For as little as £5 a month you can help sustain the vital work we do in celebrating and standing up for Jewish life in Britain.
Jewish News holds our community together and keeps us connected. Like a synagogue, it’s where people turn to feel part of something bigger. It also proudly shows the rest of Britain the vibrancy and rich culture of modern Jewish life.
You can make a quick and easy one-off or monthly contribution of £5, £10, £20 or any other sum you’re comfortable with.
100% of your donation will help us continue celebrating our community, in all its dynamic diversity...
Being a community platform means so much more than producing a newspaper and website. One of our proudest roles is media partnering with our invaluable charities to amplify the outstanding work they do to help us all.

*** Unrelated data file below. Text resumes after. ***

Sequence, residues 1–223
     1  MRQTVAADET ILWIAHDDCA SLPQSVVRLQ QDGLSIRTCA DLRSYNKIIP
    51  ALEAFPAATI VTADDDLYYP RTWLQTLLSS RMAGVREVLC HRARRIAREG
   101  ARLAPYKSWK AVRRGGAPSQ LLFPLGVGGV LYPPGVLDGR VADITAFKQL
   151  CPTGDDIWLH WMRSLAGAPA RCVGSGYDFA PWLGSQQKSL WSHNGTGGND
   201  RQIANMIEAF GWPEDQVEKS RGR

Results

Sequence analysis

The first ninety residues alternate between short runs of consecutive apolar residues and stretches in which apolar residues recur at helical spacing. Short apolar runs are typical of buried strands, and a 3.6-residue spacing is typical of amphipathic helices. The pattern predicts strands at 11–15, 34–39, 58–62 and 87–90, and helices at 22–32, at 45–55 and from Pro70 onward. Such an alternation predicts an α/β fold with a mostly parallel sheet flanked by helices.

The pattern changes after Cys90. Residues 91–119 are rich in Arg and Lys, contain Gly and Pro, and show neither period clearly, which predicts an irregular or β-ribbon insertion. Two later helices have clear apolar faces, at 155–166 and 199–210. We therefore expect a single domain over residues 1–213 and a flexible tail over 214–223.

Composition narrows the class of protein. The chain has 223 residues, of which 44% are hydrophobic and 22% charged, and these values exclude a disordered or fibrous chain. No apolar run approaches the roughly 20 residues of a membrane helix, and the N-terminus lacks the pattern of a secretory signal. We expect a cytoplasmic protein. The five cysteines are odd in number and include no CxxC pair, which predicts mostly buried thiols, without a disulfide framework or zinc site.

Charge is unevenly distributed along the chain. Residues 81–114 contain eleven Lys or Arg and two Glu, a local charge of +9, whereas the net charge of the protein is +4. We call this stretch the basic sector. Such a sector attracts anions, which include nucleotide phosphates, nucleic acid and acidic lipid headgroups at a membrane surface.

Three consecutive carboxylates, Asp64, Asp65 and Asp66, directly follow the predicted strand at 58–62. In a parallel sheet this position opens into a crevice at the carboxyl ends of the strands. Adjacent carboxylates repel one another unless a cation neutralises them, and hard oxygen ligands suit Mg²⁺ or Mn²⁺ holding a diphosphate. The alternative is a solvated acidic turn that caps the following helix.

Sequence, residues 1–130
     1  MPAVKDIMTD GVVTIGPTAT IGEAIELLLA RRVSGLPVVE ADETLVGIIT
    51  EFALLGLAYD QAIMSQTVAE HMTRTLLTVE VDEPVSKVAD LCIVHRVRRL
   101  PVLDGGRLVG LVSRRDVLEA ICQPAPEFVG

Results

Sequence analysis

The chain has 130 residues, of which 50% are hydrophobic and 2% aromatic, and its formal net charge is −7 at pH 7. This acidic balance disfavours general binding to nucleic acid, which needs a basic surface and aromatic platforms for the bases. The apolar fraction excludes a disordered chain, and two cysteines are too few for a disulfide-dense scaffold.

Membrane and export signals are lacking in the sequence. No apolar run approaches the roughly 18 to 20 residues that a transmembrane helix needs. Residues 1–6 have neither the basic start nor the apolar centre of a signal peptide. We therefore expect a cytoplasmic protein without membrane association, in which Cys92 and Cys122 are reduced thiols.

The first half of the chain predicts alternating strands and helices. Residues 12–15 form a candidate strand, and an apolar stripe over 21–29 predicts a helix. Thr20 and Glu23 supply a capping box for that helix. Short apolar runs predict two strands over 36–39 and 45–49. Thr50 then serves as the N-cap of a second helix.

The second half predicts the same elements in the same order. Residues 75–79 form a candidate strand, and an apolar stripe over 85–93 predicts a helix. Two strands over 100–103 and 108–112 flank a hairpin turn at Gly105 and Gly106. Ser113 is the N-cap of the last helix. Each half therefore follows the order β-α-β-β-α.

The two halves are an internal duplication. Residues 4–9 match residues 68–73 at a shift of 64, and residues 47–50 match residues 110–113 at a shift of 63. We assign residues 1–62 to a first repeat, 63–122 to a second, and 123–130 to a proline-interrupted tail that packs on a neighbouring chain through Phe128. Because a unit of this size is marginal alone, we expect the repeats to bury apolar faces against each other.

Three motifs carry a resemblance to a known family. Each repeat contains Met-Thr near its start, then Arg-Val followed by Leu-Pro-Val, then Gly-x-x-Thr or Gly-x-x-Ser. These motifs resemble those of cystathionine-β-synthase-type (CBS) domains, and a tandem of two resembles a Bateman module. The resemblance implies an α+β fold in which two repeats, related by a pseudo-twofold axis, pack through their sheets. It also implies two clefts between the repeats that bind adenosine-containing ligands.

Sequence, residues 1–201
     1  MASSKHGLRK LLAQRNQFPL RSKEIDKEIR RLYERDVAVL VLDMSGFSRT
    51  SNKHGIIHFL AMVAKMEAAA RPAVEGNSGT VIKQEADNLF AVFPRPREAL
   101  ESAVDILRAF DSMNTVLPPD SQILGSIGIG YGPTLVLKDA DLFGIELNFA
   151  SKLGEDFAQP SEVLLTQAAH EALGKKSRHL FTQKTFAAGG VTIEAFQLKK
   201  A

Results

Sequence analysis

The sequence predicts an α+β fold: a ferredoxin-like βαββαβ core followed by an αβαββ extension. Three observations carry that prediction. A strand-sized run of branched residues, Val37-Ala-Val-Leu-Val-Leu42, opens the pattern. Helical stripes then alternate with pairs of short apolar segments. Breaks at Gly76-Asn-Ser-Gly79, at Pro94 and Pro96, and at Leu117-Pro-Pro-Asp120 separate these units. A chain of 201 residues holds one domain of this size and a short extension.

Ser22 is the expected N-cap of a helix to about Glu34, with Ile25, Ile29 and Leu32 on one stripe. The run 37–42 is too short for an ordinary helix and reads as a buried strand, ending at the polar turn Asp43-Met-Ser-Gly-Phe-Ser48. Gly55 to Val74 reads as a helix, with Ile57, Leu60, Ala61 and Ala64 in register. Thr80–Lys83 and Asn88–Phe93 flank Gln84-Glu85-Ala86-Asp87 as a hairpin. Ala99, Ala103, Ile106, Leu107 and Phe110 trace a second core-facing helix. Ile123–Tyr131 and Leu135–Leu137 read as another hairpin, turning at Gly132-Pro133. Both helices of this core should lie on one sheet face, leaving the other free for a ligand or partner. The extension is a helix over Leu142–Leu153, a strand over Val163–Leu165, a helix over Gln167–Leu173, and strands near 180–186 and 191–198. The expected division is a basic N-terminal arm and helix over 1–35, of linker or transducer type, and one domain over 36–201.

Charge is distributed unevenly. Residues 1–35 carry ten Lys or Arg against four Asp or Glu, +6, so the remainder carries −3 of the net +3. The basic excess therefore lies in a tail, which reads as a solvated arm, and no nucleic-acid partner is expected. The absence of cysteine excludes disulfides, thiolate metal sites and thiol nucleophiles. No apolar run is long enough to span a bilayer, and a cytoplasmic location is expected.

There’s no shortage of oys in the world but Jewish News takes every opportunity to celebrate the joys too, through projects like Night of Heroes, 40 Under 40 and other compelling countdowns that make the community kvell with pride.
In the first collaboration between media outlets from different faiths, Jewish News worked with British Muslim TV and Church Times to produce a list of young activists leading the way on interfaith understanding.
Royal Mail issued a stamp honouring Holocaust hero Sir Nicholas Winton after a Jewish News campaign attracted more than 100,000 backers. Jewish News also produces special editions of the paper highlighting pressing issues including mental health and Holocaust remembrance.
In an age when news is readily accessible, Jewish News provides high-quality content free online and offline, removing any financial barriers to connecting people.
Voice of our community to wider society
The Jewish News team regularly appears on TV, radio and on the pages of the national press to comment on stories about the Jewish community. Easy access to the paper on the streets of London also means Jewish News provides an invaluable window into the community for the country at large.
We hope you agree all this is worth preserving.
By Joe Millis